It is hard to recall a time when Treasury sources have so copiously leaked the contents of a Budget as they have in recent days. At the same time, it is not hard to figure out why this has gone on, presumably with Gordon's Brown's blessing. Clearly, the Prime Minister's strategy has been to advertise the idea that he and Alistair Darling are undertaking big, bold measures to restore the nation's finances – even before the measures themselves have been unveiled.
Bold would appear to be the operative word. Leading off with a sharp cut in VAT by up to 2.5 per cent, the total size of the package of tax cuts will probably account for as much as 2 per cent of GDP. As tax revenues are falling, the chasm that this opens up will have to be met by borrowing on an eye-watering scale. About £20bn or £30bn will thus be added to the national debt next year. Mr Brown's strategy is not only bold – no one disputes that – but risky, as David Cameron's Conservatives have pointed out.
Everything is predicated on the idea that if sufficient quantities of cash are pumped into the system, dry rivers will flow and barren lands again yield fruit. In other words, consumers will feel cash-rich again and spend their money, while rising consumption eases the gummed-up flow of credit. Time alone will reveal the wisdom of these calculations but, whatever the doubts, we must earnestly hope they are correct.
The Chancellor is right to make a cut in VAT the centrepiece of his revival plan. True, the main beneficiaries will be the wealthy rather than the poor. Those seeking to buy expensive fast cars will profit more from a cut in VAT than, say, families struggling to pay high food bills. On the plus side, changes to VAT will have a more immediate effect on consumer confidence and spending than changes to tax credits, which take time to work through the system. The fact that VAT rates can be adjusted up or down relatively simply is also a good thing.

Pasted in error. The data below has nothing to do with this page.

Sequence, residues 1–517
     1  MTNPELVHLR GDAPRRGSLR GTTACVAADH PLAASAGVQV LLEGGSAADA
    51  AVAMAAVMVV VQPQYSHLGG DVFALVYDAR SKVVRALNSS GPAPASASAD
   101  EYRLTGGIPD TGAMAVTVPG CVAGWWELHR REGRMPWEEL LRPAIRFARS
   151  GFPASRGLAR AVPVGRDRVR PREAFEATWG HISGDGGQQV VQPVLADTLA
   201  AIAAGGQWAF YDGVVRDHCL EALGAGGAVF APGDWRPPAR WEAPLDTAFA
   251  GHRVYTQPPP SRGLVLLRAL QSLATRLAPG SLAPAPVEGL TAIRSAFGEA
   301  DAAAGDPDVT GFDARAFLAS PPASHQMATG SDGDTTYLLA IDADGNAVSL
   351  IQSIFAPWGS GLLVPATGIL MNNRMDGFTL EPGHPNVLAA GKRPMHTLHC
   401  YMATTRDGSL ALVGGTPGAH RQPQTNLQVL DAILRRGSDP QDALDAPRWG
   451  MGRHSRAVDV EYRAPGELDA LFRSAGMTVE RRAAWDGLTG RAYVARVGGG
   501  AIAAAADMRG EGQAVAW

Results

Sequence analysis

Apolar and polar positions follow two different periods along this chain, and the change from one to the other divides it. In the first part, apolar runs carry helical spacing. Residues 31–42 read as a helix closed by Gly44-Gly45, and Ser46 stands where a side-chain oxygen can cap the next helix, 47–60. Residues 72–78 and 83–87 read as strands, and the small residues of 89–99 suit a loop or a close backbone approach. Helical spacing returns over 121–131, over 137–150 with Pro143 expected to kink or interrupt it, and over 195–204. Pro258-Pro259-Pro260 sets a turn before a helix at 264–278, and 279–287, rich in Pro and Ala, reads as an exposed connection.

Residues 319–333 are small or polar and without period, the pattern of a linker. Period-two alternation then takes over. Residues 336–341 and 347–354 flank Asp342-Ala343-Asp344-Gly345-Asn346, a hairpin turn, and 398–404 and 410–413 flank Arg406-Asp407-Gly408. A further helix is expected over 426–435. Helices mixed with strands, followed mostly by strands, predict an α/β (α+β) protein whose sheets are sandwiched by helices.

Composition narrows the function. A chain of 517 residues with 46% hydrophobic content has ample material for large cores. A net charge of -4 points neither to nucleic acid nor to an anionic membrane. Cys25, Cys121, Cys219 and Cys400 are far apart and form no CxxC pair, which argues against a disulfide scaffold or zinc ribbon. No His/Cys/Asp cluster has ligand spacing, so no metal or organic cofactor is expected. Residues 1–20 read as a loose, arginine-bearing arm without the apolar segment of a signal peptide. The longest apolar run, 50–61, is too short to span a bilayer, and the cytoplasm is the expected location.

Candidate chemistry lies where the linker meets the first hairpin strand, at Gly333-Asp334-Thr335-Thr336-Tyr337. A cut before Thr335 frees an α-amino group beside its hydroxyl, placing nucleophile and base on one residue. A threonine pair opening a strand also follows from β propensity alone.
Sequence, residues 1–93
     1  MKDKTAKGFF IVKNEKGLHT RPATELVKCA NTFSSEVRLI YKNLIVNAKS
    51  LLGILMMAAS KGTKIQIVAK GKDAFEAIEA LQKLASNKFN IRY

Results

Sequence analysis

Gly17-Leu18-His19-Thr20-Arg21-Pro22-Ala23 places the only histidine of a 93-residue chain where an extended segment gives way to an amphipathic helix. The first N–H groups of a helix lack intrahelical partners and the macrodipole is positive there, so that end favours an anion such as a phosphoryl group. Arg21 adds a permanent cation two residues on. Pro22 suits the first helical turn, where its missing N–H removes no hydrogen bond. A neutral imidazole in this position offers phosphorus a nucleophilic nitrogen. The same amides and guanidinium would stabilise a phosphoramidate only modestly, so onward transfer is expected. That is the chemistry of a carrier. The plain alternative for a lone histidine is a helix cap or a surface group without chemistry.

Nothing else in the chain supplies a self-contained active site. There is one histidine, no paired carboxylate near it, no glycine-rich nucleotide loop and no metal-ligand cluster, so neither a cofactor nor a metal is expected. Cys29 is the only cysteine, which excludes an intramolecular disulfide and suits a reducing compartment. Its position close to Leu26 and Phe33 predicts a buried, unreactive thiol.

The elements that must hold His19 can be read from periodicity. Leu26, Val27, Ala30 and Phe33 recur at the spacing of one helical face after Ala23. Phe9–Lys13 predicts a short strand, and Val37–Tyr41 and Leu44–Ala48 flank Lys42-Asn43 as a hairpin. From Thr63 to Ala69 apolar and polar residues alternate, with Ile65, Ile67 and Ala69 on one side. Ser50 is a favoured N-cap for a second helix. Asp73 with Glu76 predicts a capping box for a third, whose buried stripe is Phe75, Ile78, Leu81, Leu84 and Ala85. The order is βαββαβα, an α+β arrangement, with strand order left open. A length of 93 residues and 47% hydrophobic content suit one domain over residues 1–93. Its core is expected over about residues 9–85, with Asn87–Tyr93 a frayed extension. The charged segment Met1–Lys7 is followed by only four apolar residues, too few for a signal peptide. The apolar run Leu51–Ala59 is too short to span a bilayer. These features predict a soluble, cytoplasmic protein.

The Liberal Democrats, however, have been right to point out that at a time when government borrowing is set to impose huge strain on Britain's finances, everyone will end up shouldering the burden and taxes should be raised on the rich to help pay for the poor. There is no doubt, as even the Chancellor has admitted, that taxes will have to go up at some point to pay for the public spending. As the dole queues grow, those in jobs are going to feel the financial pressure resulting from this bailout. It also means the banks need to repay taxpayers' generosity by lending more money, more freely. Tasked with building up their capital, and with repaying the money they have received with interest, they must at the same time disburse a portion of that capital in accessible loans. A tough equation, but one they must square if they are not to reap a whirlwind of public ill will.
The Tories, meanwhile, are in an invidious position. Having demanded a more prudent approach to fixing the economy as it slumps into recession, they will be lonely voices calling for restraint amid this unprecedented giveaway.
The Tories have also to beware of appearing to hope that the Government's measures will fail, and of seeking to profit politically from our collective misfortune while, with some justification, reminding the electorate of the Prime Minister's culpability in our economic misfortunes.
Striking such a carefully nuanced position will demand all of Mr Cameron's skill between now and the next general election for, without doubt, the contents of today's Budget will be the terrain on which this contest is fought.